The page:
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Realty Gone Easy - Jane's Realty 2 Review
It’s extremely rare to find a realty game. I mean, who wants to play a realtor and go through the pangs of buying and selling property, moving in tenants, keeping up the appearances of a house and taking developmental steps to upkeep the property and raise its value? Well, if Jane’s Realty 2 is anything to go by, a lot of people might actually want to play as a realtor, because Realore Studios has done a darn fine job of making the game extremely accessible and yet conveniently fun enough for a majority of casual gamers to pick up and play without any confusing menus or overly complicated gameplay. keep reading to find out how the rest of the game's features breakdown in this Jane's Realty 2 review.
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If Sim City was combined with Diner Dash you would probably get something close to Jane’s Realty 2. It’s a mixture of time management, home decoration and city management. I can readily say that the concept is a unique blend of multiple genres and it works really well.
What’s more is that gamers who have been craving something similar to, yet not as complex as some of the later Sim City games, then Jane’s Realty sort of fits into that bill. Players micromanage the upkeep of homes, ensuring that tenants are always occupying the space while at the same time using the funds and manpower to acquire more resources to make bigger and better homes and buildings.
The concept is simple yet effective and will manage to hold the interest of just about any gamer looking for a mildly strategic element to the whole time management gameplay model.
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It’s hard to say that there’s anything wrong with the gameplay. There’s no obvious, faltering glitches; no cumbersome controls to master; no GUI that ruins the experience or any sort of overly complicated methods for achieving any of the goals in the game. I did, however, have to restart a stage or two because I couldn’t find or acquire a required mission item and I wasn’t sure if I had messed up or what, but other than that the game is extremely streamlined to offer a seamless gameplay experience.
Primarily, players will start off with the task of building simple things like homes and getting tenants in the homes. This eventually evolves into adding parking garages that require close monitoring in order to retrieve cash and resource buildings for mining or managing railroad resources. It’s nice that the game slowly evolves with bigger and more engaging tasks that include repairing roads, building neighborhoods and managing disasters and repairs all while trying to keep tenants happy.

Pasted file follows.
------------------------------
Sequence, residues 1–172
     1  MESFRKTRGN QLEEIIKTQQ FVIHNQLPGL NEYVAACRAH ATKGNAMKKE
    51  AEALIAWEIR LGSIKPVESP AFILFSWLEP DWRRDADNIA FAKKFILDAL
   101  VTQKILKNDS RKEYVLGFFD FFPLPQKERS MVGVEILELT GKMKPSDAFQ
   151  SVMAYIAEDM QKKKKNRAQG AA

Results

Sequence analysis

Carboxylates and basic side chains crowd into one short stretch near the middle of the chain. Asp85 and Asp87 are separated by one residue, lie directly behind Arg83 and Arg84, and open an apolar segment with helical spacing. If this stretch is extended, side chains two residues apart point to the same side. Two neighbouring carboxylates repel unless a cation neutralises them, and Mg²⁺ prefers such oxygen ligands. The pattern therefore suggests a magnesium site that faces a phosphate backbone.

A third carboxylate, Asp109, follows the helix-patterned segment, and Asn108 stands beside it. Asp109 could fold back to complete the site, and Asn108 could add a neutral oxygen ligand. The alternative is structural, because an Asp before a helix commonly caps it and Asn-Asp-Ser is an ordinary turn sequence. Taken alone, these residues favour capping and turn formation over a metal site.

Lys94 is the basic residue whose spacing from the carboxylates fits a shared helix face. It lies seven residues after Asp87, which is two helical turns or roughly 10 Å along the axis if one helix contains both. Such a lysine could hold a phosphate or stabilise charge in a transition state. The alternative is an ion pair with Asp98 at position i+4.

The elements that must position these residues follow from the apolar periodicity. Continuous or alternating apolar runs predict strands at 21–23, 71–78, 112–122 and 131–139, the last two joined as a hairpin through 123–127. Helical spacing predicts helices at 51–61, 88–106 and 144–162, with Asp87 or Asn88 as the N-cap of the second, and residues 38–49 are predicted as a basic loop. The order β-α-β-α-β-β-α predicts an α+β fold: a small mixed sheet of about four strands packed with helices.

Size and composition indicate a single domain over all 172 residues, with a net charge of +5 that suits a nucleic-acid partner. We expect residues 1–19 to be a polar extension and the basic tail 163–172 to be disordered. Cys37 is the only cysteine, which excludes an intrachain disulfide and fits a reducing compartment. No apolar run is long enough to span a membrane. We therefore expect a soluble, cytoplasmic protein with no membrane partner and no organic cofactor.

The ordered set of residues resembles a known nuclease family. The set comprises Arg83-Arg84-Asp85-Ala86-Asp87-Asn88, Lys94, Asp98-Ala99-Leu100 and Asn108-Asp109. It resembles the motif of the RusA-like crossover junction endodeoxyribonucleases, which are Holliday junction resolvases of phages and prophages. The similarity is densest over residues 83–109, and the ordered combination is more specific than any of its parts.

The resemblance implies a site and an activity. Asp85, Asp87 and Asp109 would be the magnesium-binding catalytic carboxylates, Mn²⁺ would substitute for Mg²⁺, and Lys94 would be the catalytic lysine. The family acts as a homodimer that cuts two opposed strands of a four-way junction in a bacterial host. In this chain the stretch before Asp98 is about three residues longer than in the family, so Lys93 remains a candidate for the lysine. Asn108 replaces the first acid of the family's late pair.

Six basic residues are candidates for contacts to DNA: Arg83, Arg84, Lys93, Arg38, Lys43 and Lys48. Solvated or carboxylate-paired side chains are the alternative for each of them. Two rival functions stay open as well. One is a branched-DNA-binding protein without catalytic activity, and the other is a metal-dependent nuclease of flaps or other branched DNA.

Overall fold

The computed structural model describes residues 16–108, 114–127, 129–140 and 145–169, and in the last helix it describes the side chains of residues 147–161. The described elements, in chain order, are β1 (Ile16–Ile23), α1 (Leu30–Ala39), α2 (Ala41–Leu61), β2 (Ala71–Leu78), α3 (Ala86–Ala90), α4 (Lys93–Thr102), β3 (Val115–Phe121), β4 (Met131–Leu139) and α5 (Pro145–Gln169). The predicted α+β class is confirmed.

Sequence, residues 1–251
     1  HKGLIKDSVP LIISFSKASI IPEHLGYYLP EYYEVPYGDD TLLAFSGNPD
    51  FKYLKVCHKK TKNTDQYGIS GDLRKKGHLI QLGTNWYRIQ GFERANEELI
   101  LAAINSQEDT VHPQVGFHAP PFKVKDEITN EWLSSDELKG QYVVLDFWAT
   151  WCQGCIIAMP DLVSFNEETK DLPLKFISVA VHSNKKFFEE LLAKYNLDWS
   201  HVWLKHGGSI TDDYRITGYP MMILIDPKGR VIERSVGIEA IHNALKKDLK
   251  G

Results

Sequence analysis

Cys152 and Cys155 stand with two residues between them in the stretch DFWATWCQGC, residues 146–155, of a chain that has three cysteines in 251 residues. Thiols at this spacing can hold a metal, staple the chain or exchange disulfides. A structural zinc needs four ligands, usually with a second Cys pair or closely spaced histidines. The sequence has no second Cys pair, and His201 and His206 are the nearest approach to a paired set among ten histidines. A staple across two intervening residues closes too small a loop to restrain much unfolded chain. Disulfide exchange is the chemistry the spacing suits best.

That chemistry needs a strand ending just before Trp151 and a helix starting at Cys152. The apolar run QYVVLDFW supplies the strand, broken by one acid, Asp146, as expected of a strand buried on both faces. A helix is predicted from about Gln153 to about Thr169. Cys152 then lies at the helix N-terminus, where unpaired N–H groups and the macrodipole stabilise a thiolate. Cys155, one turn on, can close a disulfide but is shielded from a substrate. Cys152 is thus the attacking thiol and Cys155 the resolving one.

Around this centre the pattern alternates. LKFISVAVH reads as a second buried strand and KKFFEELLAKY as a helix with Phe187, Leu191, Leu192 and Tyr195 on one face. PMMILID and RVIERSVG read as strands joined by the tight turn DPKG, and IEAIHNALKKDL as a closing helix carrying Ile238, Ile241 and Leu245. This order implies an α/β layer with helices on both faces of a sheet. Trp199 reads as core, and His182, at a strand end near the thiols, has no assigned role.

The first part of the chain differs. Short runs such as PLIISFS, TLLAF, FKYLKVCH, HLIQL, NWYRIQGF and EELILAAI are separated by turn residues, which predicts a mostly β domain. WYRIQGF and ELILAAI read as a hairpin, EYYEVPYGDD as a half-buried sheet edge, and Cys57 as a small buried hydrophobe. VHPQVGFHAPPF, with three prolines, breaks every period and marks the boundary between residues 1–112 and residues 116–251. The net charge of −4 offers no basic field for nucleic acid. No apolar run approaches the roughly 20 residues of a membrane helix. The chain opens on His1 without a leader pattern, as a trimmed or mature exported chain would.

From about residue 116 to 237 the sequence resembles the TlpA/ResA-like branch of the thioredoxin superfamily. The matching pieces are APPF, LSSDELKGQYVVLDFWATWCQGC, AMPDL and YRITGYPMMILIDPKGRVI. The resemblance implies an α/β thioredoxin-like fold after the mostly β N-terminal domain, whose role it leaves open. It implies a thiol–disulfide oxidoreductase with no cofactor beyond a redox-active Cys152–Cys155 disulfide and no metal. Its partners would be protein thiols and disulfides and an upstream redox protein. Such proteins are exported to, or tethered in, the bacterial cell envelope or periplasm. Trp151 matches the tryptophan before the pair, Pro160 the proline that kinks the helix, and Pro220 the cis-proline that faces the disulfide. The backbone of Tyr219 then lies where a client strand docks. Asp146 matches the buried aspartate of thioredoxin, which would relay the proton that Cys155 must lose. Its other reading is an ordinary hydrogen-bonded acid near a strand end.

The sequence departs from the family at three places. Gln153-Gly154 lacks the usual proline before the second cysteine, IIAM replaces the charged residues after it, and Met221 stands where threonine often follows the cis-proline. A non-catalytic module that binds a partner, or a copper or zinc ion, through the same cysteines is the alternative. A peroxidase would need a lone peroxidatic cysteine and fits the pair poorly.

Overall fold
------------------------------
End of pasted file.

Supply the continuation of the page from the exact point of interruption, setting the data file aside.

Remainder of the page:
Realore did a fantastic job of keeping things accessible while maintaining a high level of fun-factors and that’s one of the shining points for the gameplay of Jane’s Realty 2.
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Graphics And Sound
The score isn’t 3 out of 5 because the visuals or animations are an eye-sore or just not up to par. In fact, the graphics for this game are quite adequate to be a budget-priced title, similar to Serpent of Isis or Ricochet Infinity. And visually, most gamers who enjoy these kind of strategy-oriented management games won’t have much to fuss or complain about with the graphical aesthetics. Instead, the reason this game receives a 3 is because the graphics carry the game more than the music and the load should have been equally balanced.
The sound effects are quite good and the ambient effects from performing a single (or multiple) tasks are all handled well. The problem, however, comes in with the simplistic…and possibly, overly simplistic soundtrack. While the game obviously isn’t geared toward winning any sort of musical awards, the soundtrack could have used a slightly deeper variety of instrumental tracks to help keep the pace moving and gamers interested. Otherwise, the graphics and audio are fairly decent.
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What makes a game like this re-playable and is a game like this worth replaying? For time management fans there’s an additional expert mode to raise the difficulty and there are more than 30 levels to conquer, so I can’t imagine anyone getting bored too quickly with Jane’s Realty 2. While it doesn’t sport all the fancy-schmancy modes and options found in most of Will Wright’s titles like Spore or The Sims, this civil-management strategy game still manages to offer enough variety in its gameplay and just high enough stress factors to keep most casual gamers glued to their seats.
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This game will be popular in the casual community for a reason and it’s well deserved of the praise that it will undoubtedly receive amongst most critics. Nevertheless, Jane's Realty isn’t necessarily a groundbreaking experience and isn’t a DirectX 11 contender for best visual/audio experience, but it will keep most casual gamers and fans of time management very well entertained, and probably up until the third installment of the game arrives.
All in all, anyone who remotely enjoyed the first game or wanted a less hardware-dependent version of Sim City might find some decent enjoyment in Jane’s Realty 2, and it's definitely worth checking out.